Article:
Sacramento’s Taber Furniture Co. will be closing its doors in June after 83 years in business on Del Paso Boulevard, and third-generation owner Dawn Taber Schneider has already begun the going-out-of-business sales.
“Sales have been shrinking over the last 10 years, since the big housing bubble burst,” said Taber Schneider. “Everybody started getting very cautious with their money. They were only buying exactly what they needed. They weren’t going into debt as much as they used to do. … Even people that had good jobs quit spending money because they got scared. That was the turn.”
The store, located at 1815/1817 Del Paso Boulevard, will be operating regular hours through the second week of June, she said, but she is planning a farewell reception from 1-4 p.m. when customers can meet her father, 91-year-old Richard Taber Jr., a Grant Union High School graduate.
He retired in his 80s and signed the business over to his daughter. She and her husband Scott Schneider have run the furniture store since that time. Asked why the store has two addresses, Taber Schneider explained: “The one at 1817 was built in 1939 by my grandfather. After my father took over the business, he was in business with his brother Robert. They bought the lot next door, and they built a large building on that lot and then ... they punched a hole into the old building and made it one big building.”
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The combined stores have 13,000 square feet of space. Taber Schneider said her father worked in the business from the age of 10, and she began working there officially in her teen years.
“I was 16,” said the 63-year-old. “My grandmother and my uncle taught me how to do books and count money, all that good stuff that you need to learn.”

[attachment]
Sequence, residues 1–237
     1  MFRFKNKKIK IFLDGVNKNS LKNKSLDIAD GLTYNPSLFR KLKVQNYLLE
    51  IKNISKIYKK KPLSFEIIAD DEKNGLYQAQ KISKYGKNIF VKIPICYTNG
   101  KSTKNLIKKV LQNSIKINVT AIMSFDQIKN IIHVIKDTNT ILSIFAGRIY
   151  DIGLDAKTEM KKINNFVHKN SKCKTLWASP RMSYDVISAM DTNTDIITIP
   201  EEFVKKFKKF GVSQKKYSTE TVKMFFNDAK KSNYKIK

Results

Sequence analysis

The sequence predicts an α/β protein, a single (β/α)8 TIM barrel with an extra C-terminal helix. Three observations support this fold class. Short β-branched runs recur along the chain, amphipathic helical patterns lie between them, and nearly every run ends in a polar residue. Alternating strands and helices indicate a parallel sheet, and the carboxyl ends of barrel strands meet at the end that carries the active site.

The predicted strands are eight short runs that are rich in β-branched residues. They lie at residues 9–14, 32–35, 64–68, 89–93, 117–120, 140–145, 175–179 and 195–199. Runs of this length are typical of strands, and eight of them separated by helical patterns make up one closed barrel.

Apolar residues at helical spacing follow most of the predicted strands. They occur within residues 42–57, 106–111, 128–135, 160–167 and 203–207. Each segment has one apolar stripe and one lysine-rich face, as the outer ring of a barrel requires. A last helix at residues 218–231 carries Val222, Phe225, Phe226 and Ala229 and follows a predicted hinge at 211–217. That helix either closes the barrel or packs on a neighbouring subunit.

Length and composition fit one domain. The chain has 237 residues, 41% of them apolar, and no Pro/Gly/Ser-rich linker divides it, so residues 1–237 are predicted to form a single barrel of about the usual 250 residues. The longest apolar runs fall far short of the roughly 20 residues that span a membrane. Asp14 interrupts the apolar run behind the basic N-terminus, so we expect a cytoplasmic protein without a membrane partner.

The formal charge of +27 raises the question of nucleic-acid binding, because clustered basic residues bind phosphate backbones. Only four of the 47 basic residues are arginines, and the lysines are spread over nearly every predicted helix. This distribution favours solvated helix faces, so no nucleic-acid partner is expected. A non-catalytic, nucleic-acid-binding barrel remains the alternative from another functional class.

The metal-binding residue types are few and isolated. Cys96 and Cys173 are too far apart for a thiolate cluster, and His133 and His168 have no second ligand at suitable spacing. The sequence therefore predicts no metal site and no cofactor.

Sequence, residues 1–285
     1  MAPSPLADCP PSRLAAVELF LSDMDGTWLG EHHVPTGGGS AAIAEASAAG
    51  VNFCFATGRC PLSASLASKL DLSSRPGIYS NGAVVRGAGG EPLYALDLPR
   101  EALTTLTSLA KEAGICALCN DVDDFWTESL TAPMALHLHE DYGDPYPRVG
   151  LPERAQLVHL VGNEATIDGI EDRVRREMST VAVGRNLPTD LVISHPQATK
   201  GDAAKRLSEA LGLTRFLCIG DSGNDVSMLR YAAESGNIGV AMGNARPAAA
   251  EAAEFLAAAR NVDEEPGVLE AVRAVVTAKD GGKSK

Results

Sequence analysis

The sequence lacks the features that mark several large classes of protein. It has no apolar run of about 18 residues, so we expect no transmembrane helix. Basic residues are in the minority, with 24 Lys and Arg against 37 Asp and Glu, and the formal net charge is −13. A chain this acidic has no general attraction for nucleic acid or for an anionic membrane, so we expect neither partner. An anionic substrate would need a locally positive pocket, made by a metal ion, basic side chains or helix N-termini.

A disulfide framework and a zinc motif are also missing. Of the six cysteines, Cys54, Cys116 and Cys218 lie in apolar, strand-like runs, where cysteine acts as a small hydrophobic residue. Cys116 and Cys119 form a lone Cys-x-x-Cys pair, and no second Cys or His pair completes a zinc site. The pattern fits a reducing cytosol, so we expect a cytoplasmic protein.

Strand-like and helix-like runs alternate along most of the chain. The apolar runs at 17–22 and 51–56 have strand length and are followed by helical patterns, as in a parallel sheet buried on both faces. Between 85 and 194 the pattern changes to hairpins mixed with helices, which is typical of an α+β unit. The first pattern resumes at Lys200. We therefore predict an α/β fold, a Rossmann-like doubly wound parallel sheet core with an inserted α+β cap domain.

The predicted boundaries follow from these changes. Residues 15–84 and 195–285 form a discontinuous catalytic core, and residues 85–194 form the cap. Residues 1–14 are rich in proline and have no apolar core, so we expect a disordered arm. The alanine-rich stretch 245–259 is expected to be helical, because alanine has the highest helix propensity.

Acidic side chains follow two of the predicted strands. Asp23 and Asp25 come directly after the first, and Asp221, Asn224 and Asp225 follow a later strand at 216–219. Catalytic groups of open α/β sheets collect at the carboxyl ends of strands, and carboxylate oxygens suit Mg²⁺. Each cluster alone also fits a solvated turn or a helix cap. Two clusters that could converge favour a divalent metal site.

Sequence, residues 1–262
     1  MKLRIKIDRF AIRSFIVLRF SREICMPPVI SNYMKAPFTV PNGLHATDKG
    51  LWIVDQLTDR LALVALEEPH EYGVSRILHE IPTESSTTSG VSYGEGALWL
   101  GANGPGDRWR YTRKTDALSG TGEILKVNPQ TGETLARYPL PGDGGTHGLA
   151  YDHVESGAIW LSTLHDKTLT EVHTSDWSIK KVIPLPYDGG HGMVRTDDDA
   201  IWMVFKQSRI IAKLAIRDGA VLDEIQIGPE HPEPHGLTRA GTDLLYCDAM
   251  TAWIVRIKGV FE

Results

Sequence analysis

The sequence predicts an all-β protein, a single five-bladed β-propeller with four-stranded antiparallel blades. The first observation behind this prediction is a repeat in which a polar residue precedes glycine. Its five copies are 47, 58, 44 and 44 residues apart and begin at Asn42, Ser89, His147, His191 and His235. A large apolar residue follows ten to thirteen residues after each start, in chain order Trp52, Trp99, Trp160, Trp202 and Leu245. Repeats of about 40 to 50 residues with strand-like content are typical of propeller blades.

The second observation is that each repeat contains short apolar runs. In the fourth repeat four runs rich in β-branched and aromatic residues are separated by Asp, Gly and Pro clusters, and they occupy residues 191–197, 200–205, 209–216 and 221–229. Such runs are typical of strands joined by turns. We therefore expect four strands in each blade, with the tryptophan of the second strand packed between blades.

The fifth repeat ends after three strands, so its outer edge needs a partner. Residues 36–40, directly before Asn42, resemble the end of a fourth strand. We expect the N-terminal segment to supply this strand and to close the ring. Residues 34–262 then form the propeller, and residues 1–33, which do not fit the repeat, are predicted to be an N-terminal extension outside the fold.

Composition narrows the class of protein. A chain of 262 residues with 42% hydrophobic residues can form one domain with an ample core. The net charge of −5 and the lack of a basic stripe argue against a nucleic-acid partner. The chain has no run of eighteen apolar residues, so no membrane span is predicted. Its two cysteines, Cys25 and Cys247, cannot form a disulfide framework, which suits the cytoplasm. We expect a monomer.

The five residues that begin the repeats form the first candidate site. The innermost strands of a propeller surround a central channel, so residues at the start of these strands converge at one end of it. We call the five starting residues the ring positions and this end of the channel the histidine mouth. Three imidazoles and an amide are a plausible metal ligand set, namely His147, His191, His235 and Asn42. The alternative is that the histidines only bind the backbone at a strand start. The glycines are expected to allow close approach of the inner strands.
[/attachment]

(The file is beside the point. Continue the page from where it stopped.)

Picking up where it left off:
It was her grandfather, Richard Taber Sr., who founded the business in 1934. He ran it with his wife Esther Taber until their sons took over. The Tabers would buy quality furniture from homeowners and resell it, Taber Schneider said, and many customers came to them because they could get pieces they had not been able to afford new in department stores.
“In my dad’s day, it was only one or two or three people in town that liquidated estates, and there were three military bases,” she said, “so there were a lot of families that moved in and out. It was a lucrative business to be able to do that, plus people needed the service.”
Then people started having garage sales or their own estate sales. The thrift stores moved into selling furniture. The internet allowed sellers to get more attention for their sales, and that watered down the potential sources for inventory of better-quality wood furniture.
At the same time, 30- and 40-year-olds had different priorities for their disposable income. They opted for lower-price pieces from Ikea, Taber Schneider said, so they could have more money for dining out or buying electronics.
“We’ve been very fortunate over the years because we were three generations running it,” she said, “so we had three generations of customers who shopped here. They passed us from one generation to the next. Grandma would bring her newlywed granddaughter. … Return customers helped to keep us in business for as long as we have been. They have supported us over the years more than the new customers. It’s harder to get new customers than it is to keep the old ones.”